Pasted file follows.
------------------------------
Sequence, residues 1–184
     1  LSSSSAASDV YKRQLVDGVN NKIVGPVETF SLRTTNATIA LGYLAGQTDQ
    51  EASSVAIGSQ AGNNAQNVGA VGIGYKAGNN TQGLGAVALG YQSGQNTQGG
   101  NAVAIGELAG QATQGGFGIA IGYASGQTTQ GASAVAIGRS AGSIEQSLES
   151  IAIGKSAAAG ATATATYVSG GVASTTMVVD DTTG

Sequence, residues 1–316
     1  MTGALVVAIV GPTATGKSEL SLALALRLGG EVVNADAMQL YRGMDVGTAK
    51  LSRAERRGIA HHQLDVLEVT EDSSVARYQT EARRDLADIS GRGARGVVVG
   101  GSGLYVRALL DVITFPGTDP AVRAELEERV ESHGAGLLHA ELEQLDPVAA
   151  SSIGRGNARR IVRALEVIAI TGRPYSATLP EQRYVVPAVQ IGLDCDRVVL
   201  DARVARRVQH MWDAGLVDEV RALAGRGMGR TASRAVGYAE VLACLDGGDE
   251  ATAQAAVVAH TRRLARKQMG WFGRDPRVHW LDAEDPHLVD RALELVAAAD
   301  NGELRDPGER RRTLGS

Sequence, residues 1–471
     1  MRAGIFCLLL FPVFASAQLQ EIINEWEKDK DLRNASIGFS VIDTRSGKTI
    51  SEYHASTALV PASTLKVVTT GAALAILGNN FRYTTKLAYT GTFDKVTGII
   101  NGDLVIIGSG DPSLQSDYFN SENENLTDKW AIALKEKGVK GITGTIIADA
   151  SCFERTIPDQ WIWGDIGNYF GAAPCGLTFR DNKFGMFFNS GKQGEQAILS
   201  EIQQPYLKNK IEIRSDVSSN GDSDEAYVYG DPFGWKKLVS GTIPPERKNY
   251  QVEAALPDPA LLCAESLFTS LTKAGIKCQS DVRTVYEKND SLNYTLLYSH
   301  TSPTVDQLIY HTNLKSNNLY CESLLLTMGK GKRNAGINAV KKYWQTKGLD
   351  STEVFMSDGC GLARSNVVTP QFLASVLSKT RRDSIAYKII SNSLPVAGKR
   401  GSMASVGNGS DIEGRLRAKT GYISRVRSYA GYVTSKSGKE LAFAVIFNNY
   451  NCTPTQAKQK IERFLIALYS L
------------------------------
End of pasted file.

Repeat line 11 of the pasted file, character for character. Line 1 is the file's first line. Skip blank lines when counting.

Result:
   201  DARVARRVQH MWDAGLVDEV RALAGRGMGR TASRAVGYAE VLACLDGGDE